TOWER GROVE – St. Louisans of all religions, creeds and spiritual practices came out to Tower Grove Park for the 27th annual Pagan Picnic.
The festival hosted 95 vendors of various pagan traditions. Booths offering tarot and astrology readings, gemstones, pagan literature and jewelry lined the path of the picnic.
Additionally, the event offered many workshops designed to help participants further explore paganism, such as “String Magic,” “Astrological Timing of Rituals” and “Paganism 101.” Throughout the weekend, many musical guests as well as belly dancers made appearances. The start and end of the picnic were marked by an opening and closing ritual.
The group that runs the Pagan Picnic is an open one. In meeting them, the first thing they’ll probably tell you is, “I’m a hugger.” Perhaps that sense of community stems from the fact that the original picnic happened 27 years ago in the backyard of Larry Brown and his wife, Cheryl.
“We knew there was a lot of people in St. Louis floating around not attached to anybody, wondering where their community was,” Larry Brown explained, “and there wasn’t a lot of community back then, so we had a party, and we invited a whole bunch of people, and they showed up, and we decided to do it again the next year.”
He said that the first picnic in their backyard was a potluck that drew about 50 people. The evening consisted of drums, fire, magic and even some networking.
“And now it’s grown into this,” he said, gesturing at the flurry of activity in Tower Grove Park, with nearly a hundred vendors lining the sidewalk.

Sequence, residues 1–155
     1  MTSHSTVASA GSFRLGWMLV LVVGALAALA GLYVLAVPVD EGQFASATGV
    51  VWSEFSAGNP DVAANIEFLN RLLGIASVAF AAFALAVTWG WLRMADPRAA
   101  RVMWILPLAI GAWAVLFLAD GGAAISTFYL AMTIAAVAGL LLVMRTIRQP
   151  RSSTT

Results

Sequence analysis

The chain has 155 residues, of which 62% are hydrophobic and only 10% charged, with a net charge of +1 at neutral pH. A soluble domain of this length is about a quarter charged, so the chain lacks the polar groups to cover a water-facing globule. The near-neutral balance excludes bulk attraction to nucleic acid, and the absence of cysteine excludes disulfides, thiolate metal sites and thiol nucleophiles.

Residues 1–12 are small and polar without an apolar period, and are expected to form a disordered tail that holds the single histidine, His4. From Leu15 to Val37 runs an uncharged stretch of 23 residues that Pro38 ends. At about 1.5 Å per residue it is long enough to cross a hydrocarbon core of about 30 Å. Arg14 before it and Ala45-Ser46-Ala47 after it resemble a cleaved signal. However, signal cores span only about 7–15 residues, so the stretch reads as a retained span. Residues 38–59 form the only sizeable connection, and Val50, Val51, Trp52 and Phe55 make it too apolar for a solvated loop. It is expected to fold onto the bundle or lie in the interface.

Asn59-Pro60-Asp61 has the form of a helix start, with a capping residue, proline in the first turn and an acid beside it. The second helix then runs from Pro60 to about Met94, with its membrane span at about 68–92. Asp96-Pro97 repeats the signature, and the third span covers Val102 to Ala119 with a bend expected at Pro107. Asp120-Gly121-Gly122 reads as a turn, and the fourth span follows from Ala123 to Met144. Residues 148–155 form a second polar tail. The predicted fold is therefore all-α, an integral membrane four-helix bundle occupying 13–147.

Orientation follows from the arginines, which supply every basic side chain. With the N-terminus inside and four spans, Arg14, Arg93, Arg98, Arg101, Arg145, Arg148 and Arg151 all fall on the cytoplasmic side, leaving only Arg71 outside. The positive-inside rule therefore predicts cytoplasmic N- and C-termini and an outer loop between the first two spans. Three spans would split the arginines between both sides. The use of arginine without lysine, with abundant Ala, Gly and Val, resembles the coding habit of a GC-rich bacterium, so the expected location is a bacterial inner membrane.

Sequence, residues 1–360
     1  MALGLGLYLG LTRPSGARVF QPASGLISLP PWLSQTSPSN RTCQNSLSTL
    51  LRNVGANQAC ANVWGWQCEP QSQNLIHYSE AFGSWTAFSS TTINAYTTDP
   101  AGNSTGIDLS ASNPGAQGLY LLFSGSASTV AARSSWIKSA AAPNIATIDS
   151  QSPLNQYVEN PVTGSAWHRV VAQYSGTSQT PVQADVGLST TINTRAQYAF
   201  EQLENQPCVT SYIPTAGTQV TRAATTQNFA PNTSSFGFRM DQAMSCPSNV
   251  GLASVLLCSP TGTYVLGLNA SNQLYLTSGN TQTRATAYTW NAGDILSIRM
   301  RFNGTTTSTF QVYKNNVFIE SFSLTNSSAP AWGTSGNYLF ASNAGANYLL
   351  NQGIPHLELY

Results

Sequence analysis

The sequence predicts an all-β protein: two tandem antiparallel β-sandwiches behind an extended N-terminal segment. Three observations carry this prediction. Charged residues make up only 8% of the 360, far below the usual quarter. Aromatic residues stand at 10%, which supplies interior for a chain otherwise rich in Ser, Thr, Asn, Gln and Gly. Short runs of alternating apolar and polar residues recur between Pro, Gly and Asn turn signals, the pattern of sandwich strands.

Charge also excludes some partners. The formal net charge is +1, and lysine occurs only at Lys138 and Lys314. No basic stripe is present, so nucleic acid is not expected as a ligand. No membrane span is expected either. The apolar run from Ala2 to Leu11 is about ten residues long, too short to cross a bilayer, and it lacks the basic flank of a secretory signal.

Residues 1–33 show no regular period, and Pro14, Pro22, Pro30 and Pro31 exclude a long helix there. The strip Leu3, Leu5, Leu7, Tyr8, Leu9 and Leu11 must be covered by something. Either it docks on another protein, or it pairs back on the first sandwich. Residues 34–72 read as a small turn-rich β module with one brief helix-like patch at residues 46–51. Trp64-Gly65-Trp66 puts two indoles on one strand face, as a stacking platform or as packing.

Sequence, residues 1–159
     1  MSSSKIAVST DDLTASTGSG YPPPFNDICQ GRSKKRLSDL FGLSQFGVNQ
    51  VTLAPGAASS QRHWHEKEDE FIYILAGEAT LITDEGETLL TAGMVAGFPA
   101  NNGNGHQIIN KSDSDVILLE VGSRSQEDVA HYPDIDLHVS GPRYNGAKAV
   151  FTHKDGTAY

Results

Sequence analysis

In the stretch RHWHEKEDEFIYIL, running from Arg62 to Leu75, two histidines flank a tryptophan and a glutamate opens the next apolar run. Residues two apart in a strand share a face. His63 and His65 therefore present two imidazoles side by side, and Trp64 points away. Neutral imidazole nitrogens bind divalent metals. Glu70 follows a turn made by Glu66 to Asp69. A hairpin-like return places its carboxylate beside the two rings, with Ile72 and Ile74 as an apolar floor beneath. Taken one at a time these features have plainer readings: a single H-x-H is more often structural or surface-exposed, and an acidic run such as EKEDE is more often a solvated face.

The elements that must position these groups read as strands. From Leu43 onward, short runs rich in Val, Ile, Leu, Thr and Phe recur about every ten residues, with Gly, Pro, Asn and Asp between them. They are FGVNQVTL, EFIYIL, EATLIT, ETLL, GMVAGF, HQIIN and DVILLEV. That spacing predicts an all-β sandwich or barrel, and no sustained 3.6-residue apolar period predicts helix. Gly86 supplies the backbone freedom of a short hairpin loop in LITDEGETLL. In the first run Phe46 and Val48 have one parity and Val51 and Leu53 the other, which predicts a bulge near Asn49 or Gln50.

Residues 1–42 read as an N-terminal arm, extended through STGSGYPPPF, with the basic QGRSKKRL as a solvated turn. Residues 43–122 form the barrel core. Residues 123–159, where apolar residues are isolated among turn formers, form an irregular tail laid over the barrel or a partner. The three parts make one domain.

Though Cheryl and El Bee, as they’re best known around the picnic, still attend and work at the festival, this year they’ve passed the reins on to Jessica Girard, who is better known around the Pagan Picnic as Maamaa J.
Girard began volunteering for the picnic about thirteen years ago, originally working as security and making her way up to lead the event this year.
Girard said she started practicing as a solitary witch when she was younger and felt a lack of community. Discovering the Pagan Picnic changed all that, and though she still isn’t part of a formal coven, the Pagan Picnic crew has really become her family.
River Higginbotham, the president of the board for the Pagan Picnic, said that the picnic was an important way for those who practice paganism to find community, but that it also was important for pagans to interact publicly with the non-pagan people around them.
“By being public, that began this journey that we’ve been on for the last twenty-six years of being a family-friendly pagan event in the middle of Tower Grove Park,” he said, adding that the picnic got guests from all walks of life.
Higginbotham said that he had been raised Christian but that in his twenties he began looking into more New Age spirituality, including tarot, astrology and other pagan practices. Since then, he has written three books on paganism.
Similarly, Girard was raised in a very strict Christian household as a member of the Jehovah’s Witnesses, and now rejects organized religion. For her, one of the best uses of witchcraft is in cooking.
“You eat something, and it can taste really good, but you feel like, ‘This is homey, or this is important for me to have in my body.’ It’s because somebody has put some energy or something into it, wanting you to feel that way, and that’s something that I’ve always done and wanted to do. That, and I love rocks,” she added.
Overall, Girard said, the Pagan Picnic is an event that welcomes people of all religions, races and identities. Her goal with the picnic is to make it as inviting to every community as possible.
“We’re not scary,” she said of pagans. “We’re not here to eat your children. We’re not here to slaughter animals. We’re here just doing our thing and just trying to get through life like everyone else.”
The Pagan Picnic happens once a year, usually in June. For more information about the picnic, visit http://www.paganpicnic.org/.